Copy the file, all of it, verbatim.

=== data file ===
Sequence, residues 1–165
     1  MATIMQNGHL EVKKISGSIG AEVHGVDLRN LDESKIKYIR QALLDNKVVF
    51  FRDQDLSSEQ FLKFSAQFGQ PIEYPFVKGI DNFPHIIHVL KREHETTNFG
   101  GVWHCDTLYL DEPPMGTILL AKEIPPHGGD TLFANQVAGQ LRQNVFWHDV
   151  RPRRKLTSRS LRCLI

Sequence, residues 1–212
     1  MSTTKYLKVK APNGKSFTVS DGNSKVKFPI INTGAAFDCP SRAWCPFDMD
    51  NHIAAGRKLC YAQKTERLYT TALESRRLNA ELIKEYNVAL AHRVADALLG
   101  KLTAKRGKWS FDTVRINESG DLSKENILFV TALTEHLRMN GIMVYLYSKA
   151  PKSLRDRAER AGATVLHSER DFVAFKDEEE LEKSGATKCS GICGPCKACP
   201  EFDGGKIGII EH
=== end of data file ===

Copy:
Sequence, residues 1–165
     1  MATIMQNGHL EVKKISGSIG AEVHGVDLRN LDESKIKYIR QALLDNKVVF
    51  FRDQDLSSEQ FLKFSAQFGQ PIEYPFVKGI DNFPHIIHVL KREHETTNFG
   101  GVWHCDTLYL DEPPMGTILL AKEIPPHGGD TLFANQVAGQ LRQNVFWHDV
   151  RPRRKLTSRS LRCLI

Sequence, residues 1–212
     1  MSTTKYLKVK APNGKSFTVS DGNSKVKFPI INTGAAFDCP SRAWCPFDMD
    51  NHIAAGRKLC YAQKTERLYT TALESRRLNA ELIKEYNVAL AHRVADALLG
   101  KLTAKRGKWS FDTVRINESG DLSKENILFV TALTEHLRMN GIMVYLYSKA
   151  PKSLRDRAER AGATVLHSER DFVAFKDEEE LEKSGATKCS GICGPCKACP
   201  EFDGGKIGII EH